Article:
Mr. Peter Brooke (Cities of London and Westminster): I welcome the right hon. Member for Chesterfield (Mr. Benn) back to the deliberations. We enjoyed his contribution on Second Reading. Some of the remarks in the admirable contribution that he has just made had the flavour of a re-run of some of his observations on Second Reading. I shall return later to the question that he asked me.

The hon. Member for Thurrock (Mr. Mackinlay) tabled new clause 1. Shortly after he became a Member of Parliament, he asked me an oral question when I was still a member of the Cabinet. He prefaced his question with the sentiment that although I was a very nice chap, I was a rotten Minister. I think that the hon. Gentleman is a very nice chap and I am sorry that his capacity as a Minister has not yet been tested. The skill with which he remained in order for a speech that lasted approximately half an hour was testimony to his ability as a parliamentarian. I cannot divine the Patronage Secretary's view, but I thought that the hon. Gentleman was extremely skilful. I shall respond to his questions later.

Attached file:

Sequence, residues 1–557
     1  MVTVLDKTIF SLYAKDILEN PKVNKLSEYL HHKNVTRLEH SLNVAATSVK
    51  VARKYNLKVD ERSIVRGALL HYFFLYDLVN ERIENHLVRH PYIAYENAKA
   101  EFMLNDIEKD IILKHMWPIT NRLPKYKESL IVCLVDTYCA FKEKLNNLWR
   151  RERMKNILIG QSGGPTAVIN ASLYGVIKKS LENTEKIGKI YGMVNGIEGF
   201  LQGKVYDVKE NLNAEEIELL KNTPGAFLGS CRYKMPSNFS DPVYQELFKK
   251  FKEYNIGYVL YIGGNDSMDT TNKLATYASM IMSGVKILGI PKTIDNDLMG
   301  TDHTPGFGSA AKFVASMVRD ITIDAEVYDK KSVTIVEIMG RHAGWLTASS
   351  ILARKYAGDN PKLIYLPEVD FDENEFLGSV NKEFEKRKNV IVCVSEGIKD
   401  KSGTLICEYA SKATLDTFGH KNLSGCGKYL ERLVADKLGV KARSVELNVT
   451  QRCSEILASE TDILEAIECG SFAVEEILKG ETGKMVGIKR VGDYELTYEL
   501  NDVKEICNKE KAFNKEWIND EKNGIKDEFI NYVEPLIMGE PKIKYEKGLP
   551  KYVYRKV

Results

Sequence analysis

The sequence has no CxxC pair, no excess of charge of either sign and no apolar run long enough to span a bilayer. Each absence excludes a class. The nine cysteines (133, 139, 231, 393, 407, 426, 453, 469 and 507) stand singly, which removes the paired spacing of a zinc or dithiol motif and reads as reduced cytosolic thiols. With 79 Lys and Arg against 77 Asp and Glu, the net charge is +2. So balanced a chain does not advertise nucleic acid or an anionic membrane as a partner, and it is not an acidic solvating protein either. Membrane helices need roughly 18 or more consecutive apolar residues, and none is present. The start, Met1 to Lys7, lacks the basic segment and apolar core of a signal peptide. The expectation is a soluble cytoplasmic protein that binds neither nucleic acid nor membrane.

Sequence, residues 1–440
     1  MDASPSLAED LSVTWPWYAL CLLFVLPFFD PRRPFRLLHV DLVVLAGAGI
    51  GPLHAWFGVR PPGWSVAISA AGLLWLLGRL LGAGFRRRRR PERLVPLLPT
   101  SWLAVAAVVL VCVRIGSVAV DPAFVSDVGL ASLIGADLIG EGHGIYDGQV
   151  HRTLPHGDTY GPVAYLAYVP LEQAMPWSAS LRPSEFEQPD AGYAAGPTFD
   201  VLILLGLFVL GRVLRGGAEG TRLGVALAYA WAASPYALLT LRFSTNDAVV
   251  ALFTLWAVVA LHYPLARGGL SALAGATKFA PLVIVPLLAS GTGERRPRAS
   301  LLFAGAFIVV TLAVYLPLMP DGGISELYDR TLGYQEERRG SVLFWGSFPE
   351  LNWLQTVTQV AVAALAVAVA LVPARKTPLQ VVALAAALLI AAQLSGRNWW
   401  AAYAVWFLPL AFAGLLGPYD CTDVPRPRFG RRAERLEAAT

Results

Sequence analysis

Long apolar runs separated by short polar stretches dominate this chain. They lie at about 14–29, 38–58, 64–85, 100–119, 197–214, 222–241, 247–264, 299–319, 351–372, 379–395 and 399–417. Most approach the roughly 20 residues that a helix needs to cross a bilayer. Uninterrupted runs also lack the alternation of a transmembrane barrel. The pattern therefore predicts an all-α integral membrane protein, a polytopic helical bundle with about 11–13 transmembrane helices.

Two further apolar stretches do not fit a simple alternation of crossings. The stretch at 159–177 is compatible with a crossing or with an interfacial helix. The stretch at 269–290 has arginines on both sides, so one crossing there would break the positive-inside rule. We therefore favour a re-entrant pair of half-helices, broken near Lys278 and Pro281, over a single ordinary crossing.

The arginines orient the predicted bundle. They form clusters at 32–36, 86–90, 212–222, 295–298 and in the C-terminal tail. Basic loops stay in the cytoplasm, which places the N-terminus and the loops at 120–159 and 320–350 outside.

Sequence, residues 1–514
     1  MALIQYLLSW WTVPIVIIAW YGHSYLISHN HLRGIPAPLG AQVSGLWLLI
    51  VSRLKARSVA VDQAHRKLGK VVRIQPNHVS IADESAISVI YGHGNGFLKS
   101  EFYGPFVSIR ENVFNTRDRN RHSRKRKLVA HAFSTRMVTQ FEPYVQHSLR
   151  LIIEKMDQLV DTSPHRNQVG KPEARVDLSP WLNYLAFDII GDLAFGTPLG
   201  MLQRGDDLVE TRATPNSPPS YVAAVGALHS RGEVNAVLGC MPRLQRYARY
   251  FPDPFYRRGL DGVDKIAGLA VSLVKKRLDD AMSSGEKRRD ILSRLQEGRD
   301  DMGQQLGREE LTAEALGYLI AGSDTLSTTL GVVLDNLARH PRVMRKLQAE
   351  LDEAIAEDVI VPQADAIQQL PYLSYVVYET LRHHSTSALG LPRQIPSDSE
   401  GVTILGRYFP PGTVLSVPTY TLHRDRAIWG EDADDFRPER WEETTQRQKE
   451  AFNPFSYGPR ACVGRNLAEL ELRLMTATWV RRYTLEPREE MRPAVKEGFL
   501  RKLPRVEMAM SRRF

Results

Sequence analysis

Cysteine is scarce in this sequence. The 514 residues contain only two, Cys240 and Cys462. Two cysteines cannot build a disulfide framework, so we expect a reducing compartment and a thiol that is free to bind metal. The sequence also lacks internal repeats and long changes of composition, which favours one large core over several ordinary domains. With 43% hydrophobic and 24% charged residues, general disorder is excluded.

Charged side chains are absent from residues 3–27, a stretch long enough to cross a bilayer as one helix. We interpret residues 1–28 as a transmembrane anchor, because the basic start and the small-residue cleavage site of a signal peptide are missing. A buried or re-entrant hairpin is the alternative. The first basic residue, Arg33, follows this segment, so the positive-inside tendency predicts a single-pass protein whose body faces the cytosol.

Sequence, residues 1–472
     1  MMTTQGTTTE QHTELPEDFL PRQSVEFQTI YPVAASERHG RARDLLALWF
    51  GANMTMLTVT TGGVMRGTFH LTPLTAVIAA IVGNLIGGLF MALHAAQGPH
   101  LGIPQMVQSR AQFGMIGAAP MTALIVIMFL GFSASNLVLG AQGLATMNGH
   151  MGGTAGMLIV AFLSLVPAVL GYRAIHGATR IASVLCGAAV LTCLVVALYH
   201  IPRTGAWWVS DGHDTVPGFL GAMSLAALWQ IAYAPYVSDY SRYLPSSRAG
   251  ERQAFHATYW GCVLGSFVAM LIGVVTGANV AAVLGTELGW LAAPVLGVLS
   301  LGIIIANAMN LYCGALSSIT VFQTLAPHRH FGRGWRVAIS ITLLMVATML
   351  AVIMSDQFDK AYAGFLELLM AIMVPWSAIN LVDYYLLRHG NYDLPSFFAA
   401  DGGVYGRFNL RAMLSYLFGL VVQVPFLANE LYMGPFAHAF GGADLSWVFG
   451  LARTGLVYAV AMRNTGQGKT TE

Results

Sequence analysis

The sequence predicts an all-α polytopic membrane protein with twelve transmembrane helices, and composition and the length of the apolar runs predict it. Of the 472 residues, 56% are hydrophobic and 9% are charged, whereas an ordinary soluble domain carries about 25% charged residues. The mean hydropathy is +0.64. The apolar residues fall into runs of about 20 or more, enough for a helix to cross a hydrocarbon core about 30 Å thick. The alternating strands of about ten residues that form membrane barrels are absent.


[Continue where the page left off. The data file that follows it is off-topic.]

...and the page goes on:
The hon. Member for Somerton and Frome (Mr. Heath) said that the City had little to do with Somerset. A friend went to live near Cambridge recently. After he had lived there for approximately 18 months, he met a military-looking man at a party who said, "I haven't seen you before; where are you from?" My friend replied, "We've been living here for 18 months, but before that we lived in Somerset for several centuries." "Ah, royalists, eh? You'll find we're mainly Cromwellians around here", responded the gentleman from Cambridge. The City of London was firmly on the parliamentary side in the civil war, therefore it is not surprising that the hon. Member for Somerton and Frome did not detect much connection between Somerset and the City.

Mr. David Heath: Some of my ancestors were executed in 1685 for taking up the parliamentary cause later than the rest of the country.

Mr. Brooke: I recall the events of 40 years later, but you would rule me out of order, Mr. Deputy Speaker, if I pursued them.

The right hon. Member for Chesterfield will have been a Member of Parliament for 50 years later this year. Understandably after 50 years, his memory is playing him marginally false. My father was Home Secretary during the right hon. Gentleman's first 25 years in the House; I have not been Home Secretary during his second 25 years in the House. It is remarkable that I am the third longest sitting Member for the City of London in 717 years. It was represented by four Members of Parliament for most of that time. I have never been Home Secretary, therefore I cannot respond to the aspect of the right hon. Gentleman's speech that referred to that.